German banks face apartheid action

German banks Dresdner and Deutsche are next in line to be sued for billions of dollars for allegedly supporting an apartheid regime, lawyers have said.

Ed Fagan, the man behind the successful $1.25 billion Holocaust victims’ case against big business, is focusing on the two big German banks, Reuters news agency reported on Sunday.

His team of lawyers also have IBM Computers and Ford in their sights for allegedly backing the South African apartheid regime.

They have already filed a class action suit last week against two of Switzerland’s biggest banks Credit Suisse Group and UBS AG, as well as U.S.-based Citigroup.

Lawyer Gugulethu Madlanga told Reuters in Johannesburg a class action suit against Dresdner, a unit of German insurer Allianz AG, Deutsche Bank and International Business Machines could be brought next week.

He said a suit against Ford Motor Company was under consideration.

A Deutsche Bank spokesman in Frankfurt declined to comment on the news, while the other companies were not immediately available.

The latest class action suit was expected to be along the lines of the $50 billion case against the Swiss banks.

The case on behalf of four apartheid victims alleges the banks helped finance the violent apartheid regime and made billions in desperately needed loans to further the politically isolated and cash-strapped government’s crimes against humanity.

Credit Suisse said there were “no grounds” for such allegations while UBS declined to comment.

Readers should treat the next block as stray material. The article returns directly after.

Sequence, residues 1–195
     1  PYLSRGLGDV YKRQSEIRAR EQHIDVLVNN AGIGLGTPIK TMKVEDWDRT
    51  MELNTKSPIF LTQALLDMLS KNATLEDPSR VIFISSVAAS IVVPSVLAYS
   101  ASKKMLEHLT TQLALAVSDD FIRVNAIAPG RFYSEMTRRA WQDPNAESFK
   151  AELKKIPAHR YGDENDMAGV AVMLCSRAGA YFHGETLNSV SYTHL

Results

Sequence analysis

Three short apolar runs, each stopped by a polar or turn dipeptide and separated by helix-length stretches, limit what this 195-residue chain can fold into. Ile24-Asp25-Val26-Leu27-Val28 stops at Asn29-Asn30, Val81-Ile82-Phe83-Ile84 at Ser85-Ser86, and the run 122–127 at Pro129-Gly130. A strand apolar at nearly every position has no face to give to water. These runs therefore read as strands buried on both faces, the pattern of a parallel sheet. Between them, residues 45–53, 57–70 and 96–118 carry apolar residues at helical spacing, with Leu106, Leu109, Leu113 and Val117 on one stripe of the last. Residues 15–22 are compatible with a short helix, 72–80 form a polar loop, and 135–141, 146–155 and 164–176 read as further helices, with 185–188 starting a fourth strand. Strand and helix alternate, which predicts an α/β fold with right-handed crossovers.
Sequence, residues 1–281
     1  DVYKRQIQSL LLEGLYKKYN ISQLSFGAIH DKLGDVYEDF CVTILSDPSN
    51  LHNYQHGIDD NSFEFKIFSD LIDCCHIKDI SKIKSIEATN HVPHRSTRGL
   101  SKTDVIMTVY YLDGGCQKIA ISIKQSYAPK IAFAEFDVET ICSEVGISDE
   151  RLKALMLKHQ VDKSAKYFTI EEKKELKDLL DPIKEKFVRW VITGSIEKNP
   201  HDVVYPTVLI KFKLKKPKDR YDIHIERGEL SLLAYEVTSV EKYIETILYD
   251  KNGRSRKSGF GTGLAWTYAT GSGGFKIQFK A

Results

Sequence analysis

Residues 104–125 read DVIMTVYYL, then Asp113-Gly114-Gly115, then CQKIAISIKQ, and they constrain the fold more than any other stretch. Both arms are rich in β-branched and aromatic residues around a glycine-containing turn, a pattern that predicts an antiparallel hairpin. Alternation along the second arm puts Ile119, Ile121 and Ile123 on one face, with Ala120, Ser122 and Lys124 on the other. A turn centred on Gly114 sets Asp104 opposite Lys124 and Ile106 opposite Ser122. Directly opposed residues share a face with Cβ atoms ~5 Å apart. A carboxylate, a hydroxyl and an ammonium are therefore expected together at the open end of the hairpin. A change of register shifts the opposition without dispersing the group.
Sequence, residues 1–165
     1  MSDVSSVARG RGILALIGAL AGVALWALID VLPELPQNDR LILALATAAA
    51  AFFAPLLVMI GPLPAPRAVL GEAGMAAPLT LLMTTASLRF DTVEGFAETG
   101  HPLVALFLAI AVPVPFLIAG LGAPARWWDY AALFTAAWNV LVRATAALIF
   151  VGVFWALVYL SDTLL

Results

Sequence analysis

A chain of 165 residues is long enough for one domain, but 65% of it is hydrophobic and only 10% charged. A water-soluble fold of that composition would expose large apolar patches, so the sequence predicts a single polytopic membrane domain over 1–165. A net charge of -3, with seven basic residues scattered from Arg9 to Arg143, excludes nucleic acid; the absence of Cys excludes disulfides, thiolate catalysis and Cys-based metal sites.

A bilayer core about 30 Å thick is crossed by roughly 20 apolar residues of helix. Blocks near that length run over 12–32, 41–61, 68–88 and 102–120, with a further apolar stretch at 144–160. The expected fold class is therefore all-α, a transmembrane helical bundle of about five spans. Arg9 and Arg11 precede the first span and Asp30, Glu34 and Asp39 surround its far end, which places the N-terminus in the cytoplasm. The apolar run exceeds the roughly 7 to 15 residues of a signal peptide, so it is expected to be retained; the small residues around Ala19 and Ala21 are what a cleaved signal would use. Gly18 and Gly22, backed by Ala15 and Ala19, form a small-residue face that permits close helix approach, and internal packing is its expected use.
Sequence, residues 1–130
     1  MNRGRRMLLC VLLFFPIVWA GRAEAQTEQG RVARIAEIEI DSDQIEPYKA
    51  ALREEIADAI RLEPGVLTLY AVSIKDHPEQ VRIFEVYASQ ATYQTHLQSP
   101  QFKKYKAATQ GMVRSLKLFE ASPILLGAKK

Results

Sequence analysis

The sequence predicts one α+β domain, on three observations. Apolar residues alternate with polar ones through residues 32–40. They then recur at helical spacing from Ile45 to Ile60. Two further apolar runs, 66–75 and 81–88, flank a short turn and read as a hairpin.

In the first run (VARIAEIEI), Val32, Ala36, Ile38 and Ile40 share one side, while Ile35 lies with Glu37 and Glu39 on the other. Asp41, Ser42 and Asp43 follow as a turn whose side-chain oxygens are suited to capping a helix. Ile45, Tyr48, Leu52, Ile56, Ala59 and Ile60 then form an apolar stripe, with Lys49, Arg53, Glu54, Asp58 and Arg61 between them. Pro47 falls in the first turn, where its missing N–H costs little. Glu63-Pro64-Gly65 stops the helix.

Fagan, who used a press conference in Switzerland to announce his legal suit, was forced to abandon the meeting after locals heckled him.

The U.S. lawyer’s team have been trying to enlist the family of cult anti-apartheid figure Steve Biko as leading plaintiffs in the case.

The black activist, on whom the film ‘Cry Freedom!’ was based, was killed during the apartheid years, but his family told Reuters they have yet to make a decision.

Madlanga, a partner in the South African law firm that is helping to bring the cases, said more than 1,000 South Africans had called a hotline set up to help other people join the apartheid suit that has been filed against the Swiss banks.

The lead plaintiff in the current case is Dorothy Molefi, the mother of Hector Petersen, a 13-year-old boy who was shot by police during a popular uprising against apartheid in June 1976.

The suit alleges the banks conspired to fund technology and equipment that Pretoria used to commit crimes against humanity from 1948 to 1993.

Apartheid officially ended with democratic elections in 1994 won by Nelson Mandela’s African National Congress.

Swiss bankers always said at the time that they disapproved of apartheid but that Swiss neutrality and Berne’s refusal to join international economic sanctions against South Africa prevented them from taking unilateral measures., JuneĀ 23, 2002

Categories: Africa, Odious Debts, South Africa

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